While most children in the country are dealing with the frustrations of missing their friends, a hiatus in sports seasons, and closed playgrounds, others worry about the very real possibility of homelessness, abuse, or neglect. Most of all, they face the fear and uncertainty of wondering if they are alone.

This is a fear no child should ever endure. As we stay home to protect the medically fragile and elderly, we can’t forget this other highly vulnerable group.

I won’t parse words: The number of children in foster care will dramatically increase because of the coronavirus pandemic. It will upend the lives of countless children and families across the country. Like any worldwide crisis or natural disaster, the pandemic has amplified the vulnerability of the already vulnerable and will disproportionately impact them.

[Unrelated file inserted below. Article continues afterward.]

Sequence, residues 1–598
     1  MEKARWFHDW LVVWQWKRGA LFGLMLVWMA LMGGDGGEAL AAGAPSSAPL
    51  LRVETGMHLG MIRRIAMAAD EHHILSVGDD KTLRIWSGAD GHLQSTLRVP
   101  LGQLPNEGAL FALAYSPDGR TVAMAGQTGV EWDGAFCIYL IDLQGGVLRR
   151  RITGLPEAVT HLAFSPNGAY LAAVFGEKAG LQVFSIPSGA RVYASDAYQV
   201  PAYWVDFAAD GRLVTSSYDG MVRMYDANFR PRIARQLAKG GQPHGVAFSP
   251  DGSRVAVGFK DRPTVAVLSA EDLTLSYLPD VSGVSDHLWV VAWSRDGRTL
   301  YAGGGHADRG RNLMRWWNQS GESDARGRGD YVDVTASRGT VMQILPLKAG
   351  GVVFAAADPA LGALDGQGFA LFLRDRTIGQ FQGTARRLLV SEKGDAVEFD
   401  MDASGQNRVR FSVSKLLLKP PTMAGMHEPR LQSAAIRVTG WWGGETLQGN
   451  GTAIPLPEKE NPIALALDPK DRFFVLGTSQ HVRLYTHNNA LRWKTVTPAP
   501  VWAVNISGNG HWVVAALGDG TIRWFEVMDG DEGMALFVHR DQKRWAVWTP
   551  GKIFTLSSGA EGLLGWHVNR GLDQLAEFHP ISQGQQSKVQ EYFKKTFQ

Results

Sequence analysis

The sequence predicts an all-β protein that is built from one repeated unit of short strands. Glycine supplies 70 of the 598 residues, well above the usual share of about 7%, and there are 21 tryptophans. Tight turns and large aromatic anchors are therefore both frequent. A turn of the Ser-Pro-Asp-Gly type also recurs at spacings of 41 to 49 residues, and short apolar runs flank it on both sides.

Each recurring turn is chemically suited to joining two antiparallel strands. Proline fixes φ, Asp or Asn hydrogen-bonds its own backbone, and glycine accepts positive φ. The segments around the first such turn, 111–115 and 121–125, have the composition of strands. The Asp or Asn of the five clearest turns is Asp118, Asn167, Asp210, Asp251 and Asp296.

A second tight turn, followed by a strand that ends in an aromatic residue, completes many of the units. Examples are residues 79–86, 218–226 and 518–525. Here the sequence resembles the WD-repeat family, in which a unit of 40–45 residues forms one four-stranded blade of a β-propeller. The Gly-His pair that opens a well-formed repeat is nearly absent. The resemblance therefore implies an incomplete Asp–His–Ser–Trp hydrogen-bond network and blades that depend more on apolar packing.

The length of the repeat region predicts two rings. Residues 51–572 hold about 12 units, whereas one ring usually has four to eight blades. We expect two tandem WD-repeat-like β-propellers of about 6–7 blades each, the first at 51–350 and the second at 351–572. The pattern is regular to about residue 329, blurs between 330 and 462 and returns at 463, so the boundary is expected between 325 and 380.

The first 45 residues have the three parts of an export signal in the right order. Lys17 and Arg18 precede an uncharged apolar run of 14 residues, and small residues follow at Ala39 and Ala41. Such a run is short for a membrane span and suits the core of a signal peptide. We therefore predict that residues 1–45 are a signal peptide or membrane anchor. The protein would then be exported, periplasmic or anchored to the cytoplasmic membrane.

The current circumstances have brought further financial and emotional strain on families living paycheck to paycheck or parents fighting addiction. Unsurprisingly, history suggests that domestic violence and child abuse worsen during disasters. Research shows that increased stress can result in substance abuse or child neglect—two factors that increase the likelihood of a child’s removal from home and placement into foster care.

Making matters worse, we expect child abuse and neglect are going unreported. Usually, evidence of child abuse would be noticed by a teacher or school nurse, but right now, at-risk children are isolated at home and out of sight.

Plus, shelter-in-place orders, job losses, and the closing of courts make it harder for biological families to regain custody of their children. Many children who were likely to be reunited with their biological parents will remain in the foster ...

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